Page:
Whatever views one might have on the amendments to the Roman Missal, one of the positive outcomes has been the commissioning of new settings of the ordinary of the Mass and the reprinting of older versions by the National Centre for Liturgy. An anthology of these commissioned settings both old and new was launched at the 2011 Irish Church Summer School. I was present at the summer school when one of these commissions, Bernard Sexton's Mass of Renewal was heard as part of the daily liturgies at the annual gathering. I thought then that it served the purpose well and it struck me as being very suitable for Irish congregations . Some of Bernard's settings have found a regular place in the liturgies at Ennis Cathedral with The Shepherd Song and Beauty of the Earth both heard frequently in recent years and his setting of Laudates Omnes Gentes is a rousing recessional hymn.
Currently enjoying the liturgical limelight for his setting of the Eucharistic Congress Hymn ‘Though We Are Many’ the composer, conducted a choral workshop in St. Flannan’s College on Sat Feb 25th to teach his new Mass setting, ‘Mass of Renewal’. Choirs of the
Abbey Cluster were invited to attend and a group of about sixty choristers from Clarecastle, Ballyea, DooraBarefield, Ennis, Quin-Maghera-Clooney were assembled with Michael Hennessy, Music Director at Ennis Cathedral acting as accompanist.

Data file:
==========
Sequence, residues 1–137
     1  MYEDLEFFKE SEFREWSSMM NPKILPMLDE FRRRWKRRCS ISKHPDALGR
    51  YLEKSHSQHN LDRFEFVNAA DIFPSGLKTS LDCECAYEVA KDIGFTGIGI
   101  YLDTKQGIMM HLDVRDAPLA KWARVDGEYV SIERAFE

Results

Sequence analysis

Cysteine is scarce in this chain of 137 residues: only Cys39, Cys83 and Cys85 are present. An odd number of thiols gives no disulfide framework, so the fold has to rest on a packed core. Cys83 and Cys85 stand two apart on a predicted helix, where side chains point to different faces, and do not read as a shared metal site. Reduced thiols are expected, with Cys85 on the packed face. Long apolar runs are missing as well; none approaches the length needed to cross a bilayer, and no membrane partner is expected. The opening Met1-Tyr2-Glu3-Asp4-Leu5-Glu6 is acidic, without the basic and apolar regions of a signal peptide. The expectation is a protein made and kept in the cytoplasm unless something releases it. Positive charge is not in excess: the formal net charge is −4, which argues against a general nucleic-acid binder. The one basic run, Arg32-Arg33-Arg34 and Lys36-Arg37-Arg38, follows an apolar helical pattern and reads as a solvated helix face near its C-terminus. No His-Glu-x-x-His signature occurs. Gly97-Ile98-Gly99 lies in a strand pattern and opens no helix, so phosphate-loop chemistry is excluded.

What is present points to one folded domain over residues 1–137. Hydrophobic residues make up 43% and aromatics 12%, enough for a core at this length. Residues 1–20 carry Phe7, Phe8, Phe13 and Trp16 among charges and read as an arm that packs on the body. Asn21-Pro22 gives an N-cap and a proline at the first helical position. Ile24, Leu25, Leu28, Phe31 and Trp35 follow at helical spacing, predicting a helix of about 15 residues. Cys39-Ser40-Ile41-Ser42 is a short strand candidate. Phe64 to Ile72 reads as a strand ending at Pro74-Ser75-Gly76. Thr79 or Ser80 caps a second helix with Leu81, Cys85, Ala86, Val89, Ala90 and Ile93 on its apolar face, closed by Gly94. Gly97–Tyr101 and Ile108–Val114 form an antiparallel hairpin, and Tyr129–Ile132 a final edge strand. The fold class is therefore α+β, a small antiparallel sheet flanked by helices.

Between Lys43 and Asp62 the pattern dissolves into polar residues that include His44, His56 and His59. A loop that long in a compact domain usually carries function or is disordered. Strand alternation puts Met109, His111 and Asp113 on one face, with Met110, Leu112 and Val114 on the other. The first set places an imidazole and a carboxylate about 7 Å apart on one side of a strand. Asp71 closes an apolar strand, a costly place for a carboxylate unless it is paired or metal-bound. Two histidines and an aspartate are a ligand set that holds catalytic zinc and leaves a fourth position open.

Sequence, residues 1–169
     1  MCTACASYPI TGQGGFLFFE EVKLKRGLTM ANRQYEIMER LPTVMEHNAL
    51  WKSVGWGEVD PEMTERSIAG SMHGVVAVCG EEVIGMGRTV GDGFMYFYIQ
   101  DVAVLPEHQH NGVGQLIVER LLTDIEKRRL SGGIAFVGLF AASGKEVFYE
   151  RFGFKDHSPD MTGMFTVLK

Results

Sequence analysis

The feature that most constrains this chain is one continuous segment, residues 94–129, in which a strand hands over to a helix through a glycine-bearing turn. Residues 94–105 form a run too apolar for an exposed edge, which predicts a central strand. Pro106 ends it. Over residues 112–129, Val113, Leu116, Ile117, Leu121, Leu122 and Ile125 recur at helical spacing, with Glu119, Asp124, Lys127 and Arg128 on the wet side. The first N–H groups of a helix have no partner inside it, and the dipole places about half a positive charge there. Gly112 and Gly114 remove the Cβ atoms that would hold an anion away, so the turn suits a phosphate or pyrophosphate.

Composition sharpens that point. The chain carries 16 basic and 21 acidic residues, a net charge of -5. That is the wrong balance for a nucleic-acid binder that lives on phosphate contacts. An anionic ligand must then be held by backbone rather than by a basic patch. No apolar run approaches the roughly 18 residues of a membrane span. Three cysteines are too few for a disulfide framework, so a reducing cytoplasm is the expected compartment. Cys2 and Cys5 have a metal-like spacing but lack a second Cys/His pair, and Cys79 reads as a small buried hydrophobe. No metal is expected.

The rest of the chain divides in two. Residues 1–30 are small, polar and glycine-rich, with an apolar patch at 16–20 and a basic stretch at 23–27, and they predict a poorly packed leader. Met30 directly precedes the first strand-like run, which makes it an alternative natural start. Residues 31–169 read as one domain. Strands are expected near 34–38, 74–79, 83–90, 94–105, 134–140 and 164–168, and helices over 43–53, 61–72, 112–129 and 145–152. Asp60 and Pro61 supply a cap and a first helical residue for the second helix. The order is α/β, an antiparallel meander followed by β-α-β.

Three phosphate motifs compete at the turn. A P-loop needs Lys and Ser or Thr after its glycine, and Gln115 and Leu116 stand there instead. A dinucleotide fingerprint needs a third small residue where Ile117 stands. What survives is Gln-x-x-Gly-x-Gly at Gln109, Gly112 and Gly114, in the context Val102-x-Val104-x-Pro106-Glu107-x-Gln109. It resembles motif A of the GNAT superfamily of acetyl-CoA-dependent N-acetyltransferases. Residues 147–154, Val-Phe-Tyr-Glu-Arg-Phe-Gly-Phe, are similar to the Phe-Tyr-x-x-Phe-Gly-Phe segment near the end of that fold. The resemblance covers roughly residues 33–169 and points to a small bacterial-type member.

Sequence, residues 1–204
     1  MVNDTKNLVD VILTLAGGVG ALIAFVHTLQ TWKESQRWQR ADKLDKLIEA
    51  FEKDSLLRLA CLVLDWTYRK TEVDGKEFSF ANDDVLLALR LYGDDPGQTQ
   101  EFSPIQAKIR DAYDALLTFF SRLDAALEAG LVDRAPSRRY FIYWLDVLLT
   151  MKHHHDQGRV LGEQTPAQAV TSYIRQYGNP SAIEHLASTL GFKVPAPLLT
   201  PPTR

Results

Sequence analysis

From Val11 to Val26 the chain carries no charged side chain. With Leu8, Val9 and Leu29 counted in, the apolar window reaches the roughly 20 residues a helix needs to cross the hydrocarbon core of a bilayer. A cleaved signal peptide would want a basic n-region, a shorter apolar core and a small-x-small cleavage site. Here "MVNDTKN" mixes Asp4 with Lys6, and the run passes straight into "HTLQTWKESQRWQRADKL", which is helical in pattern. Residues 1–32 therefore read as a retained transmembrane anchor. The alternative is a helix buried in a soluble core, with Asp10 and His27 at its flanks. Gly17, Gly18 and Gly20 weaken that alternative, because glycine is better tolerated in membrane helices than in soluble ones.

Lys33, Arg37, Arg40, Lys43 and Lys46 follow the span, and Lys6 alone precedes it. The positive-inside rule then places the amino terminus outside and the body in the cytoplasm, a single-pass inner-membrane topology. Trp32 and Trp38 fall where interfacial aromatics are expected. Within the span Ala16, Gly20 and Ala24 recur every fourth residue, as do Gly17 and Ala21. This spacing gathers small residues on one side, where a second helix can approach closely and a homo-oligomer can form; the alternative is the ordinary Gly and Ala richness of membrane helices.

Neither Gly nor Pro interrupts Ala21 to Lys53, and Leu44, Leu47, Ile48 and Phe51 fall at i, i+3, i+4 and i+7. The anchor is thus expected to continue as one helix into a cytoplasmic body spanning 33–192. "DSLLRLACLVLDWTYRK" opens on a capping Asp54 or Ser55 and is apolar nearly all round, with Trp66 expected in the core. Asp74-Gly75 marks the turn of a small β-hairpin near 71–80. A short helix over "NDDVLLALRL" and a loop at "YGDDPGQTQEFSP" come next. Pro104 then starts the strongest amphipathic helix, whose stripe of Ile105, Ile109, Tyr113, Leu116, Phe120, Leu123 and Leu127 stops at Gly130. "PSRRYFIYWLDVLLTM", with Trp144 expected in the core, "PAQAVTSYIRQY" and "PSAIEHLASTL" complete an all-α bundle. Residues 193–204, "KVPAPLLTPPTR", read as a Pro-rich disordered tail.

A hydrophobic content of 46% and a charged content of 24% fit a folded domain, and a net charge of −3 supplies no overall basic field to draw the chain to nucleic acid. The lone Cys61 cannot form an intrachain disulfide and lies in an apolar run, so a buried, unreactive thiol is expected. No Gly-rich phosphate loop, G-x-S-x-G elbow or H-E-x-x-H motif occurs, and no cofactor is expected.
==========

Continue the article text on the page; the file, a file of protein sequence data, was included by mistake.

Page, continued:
The work has resonances with traditional Irish idioms and plainchant and is strong enough to stand up to simple unison singing treatment accompanied or accapella but the part writing is accomplished and the parts are agreeable and pleasant to sing. As a bass himself, one can rely on singable parts for the lowest voice .
|Bernard Sexton, Michael Hennessy, Fr. Fergal O Neill|
At the workshop, Bernard also presented a selection of new worksincluding a communion hymn, This is the Bread, a minor key melody with a descant part for an instrumentalist which I enjoyed playing on the day. There was also a jaunty Alleluiah with an unusual 7/8 time signature and a modal settting of a wonderfully lyrical text by Timothy Dudley Smith , Christ is the Shining Sun. The last one, a unison setting, would make a very suitable congregational hymn. Talking to some of the delegates after the workshop, my sense was that they enjoyed the repertoire and the conviviality of singing with a larger group. Several of the directors I spoke to expressed the hope the settings will become a regular feature of liturgies in their parishes and will encourage more congregational singing.
My review of a day spent at the annual Irish Church Music Summer School at the link below.